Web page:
[Haskell-cafe] Re: [Haskell] reading binary files

Benjamin Franksen benjamin.franksen at bessy.de
Wed Apr 5 16:15:20 EDT 2006

[questions such as this one should go to cafe]

On Wednesday 05 April 2006 20:41, minh thu wrote:
> 1/ i want to read some binary file (e.g. targa file format : *.tga).
> -- first way : via IOUArray
> showInfoHeader1 handle = do
>     a <- newArray_ (1,8) :: IO (IOUArray Int Word8)
>     hGetArray handle a 8
>     idLength <- readArray a 1 -- or getElems...
>     putStrLn ("id length : " ++ show idLength)
>     return ()
> -- second way : via c-like array
> showInfoHeader2 handle = do
>     b <- mallocArray 8 :: IO (Ptr Word8)
>     hGetBuf handle b 8
>     [idLength] <- peekArray 1 b -- or peakArray 8 b

The index should be 0 if you want to read the first byte. Also, if you 
are only interested in the first byte, you could simply

    idLength <- peek b

or if it is not the first byte, then

    idLength <- peekByteOff b i

However, it is better to use arrays, than pointers.

>     putStrLn ("id length : " ++ show idLength)
>     free b
>     return ()
> so, briefly, i have to read some content into some kind of buffer
> (IOUArray Int Word8 or Ptr Word8), then get one (or more) elements
> from the buffor into a standard haskell variable (is it the correct
> word ?) (or list).
> in the second case, i also have to free the buffer.

Or use alloca or allocaBytes, which are both a lot faster than malloc 
and free.

> in some case, when the data is more than one Word8 long, i have to
> 'reconstruct' it, i.e.:
> [x1,x2] <- getElems a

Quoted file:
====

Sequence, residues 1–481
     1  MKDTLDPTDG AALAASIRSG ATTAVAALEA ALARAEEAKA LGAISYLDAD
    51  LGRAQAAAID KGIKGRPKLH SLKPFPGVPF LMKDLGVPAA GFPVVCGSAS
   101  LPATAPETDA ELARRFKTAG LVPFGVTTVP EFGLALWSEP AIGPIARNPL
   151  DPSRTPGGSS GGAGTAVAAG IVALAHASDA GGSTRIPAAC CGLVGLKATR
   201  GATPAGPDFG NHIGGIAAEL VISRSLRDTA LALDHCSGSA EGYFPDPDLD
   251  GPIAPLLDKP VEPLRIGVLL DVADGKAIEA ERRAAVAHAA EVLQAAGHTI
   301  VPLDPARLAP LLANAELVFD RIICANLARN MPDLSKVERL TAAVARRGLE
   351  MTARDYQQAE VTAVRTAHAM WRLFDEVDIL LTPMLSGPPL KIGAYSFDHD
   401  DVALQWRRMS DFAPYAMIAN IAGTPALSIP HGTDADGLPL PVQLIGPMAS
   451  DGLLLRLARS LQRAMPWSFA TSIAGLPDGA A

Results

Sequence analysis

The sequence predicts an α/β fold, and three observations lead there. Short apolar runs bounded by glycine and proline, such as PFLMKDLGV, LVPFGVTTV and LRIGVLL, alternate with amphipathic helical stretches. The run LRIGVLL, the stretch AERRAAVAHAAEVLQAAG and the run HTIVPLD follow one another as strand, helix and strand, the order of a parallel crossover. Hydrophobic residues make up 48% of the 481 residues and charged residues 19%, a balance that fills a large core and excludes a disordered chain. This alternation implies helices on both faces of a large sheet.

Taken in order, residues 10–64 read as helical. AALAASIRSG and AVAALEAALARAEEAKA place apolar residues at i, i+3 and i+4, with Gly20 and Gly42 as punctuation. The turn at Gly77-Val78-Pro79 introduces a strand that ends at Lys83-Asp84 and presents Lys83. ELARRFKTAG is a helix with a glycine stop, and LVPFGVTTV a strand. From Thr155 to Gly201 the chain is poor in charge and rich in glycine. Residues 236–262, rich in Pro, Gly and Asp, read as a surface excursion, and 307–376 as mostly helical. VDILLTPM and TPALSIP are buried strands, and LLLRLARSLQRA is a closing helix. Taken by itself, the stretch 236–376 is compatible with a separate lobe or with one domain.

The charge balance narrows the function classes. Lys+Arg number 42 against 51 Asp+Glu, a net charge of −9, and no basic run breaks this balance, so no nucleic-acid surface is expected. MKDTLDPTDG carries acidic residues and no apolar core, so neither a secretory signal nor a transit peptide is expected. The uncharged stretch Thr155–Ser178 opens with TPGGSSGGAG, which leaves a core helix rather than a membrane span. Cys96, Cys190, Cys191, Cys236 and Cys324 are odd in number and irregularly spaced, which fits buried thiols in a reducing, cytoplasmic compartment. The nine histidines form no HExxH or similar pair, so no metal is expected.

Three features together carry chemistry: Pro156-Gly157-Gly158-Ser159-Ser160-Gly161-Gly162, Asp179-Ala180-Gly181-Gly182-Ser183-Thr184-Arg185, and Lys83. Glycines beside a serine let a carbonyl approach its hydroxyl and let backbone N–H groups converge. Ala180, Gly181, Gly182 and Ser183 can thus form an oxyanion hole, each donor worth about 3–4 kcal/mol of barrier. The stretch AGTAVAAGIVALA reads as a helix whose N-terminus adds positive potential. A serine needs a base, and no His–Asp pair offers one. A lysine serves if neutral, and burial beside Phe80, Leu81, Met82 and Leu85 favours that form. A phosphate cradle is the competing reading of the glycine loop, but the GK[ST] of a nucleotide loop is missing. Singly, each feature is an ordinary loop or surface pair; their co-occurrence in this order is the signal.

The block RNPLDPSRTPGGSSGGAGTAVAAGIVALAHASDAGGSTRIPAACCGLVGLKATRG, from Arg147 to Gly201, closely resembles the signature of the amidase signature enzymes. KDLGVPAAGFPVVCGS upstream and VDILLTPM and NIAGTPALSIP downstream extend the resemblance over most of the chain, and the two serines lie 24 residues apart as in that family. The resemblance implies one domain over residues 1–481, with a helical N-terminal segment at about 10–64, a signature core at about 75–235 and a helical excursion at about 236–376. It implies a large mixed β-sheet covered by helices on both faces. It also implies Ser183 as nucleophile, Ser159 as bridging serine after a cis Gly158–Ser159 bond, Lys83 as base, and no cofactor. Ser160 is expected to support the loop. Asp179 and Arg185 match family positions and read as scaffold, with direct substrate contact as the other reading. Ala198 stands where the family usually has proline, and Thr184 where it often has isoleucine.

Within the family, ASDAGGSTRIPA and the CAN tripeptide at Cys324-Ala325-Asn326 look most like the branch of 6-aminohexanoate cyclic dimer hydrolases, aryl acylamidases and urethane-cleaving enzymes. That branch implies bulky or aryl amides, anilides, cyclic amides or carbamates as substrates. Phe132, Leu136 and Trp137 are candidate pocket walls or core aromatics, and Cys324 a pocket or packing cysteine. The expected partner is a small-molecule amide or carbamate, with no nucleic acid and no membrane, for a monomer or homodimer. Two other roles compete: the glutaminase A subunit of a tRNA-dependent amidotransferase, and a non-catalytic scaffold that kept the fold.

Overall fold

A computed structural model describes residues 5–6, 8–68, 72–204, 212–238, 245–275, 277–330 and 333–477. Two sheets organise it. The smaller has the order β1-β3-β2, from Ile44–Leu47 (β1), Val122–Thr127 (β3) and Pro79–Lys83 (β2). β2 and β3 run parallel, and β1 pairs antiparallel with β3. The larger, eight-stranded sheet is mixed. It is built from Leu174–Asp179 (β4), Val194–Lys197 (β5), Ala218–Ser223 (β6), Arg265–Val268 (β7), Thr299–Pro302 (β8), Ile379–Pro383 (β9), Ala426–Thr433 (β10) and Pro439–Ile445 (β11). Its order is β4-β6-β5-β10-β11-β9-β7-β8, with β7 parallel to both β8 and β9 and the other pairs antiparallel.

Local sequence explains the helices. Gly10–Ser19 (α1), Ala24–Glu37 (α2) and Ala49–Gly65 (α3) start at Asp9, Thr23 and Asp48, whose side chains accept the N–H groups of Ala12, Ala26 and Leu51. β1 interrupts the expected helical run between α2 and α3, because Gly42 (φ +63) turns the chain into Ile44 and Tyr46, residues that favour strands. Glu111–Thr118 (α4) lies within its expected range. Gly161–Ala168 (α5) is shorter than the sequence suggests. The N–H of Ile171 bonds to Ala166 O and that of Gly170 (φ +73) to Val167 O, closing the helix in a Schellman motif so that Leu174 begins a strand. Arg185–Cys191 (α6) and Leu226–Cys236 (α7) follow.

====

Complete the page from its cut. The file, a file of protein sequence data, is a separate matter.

This will give you a run-time error, because you array is 8 elements 
long, not 2. You can do

    x1:x2:_ <- ...

or better still

    x1 <- readArray b 1
    x2 <- readArray b 2

Still better: Use one of the available binary serialisation libraries. 
They are already tuned for efficiency and give you a much nicer 
high-level API.

> let x = fromIntegral x1 + fromIntegral x2 * 256 :: Int
> is it the correct way to read binary files ?

Depends on the byte order that is used in your file format. If it is 
big-endian then correct, else not correct. (I hope I did get this 
right; I always tend to confuse big- and little-endian.)

> 2/ haskell is (i heard that once ... :-) a high level language, so it
> has (must have) good support for abstraction...

Sure. See abve mentioned libraries.

> but in 1/, i have to choose between different kind of array
> representation (and i dont know which one is better) and it seems to
> me that the resulting code (compiled) would have to be the same.

I strongly recommend using some Array type (IOU or whatever). Ptr is 
really just a raw pointer into memory: no protection from out-of-bounds 
access, etc. much like in C. Ptr has been invented for interfacing with 
C routines, not for regular Haskell programming.


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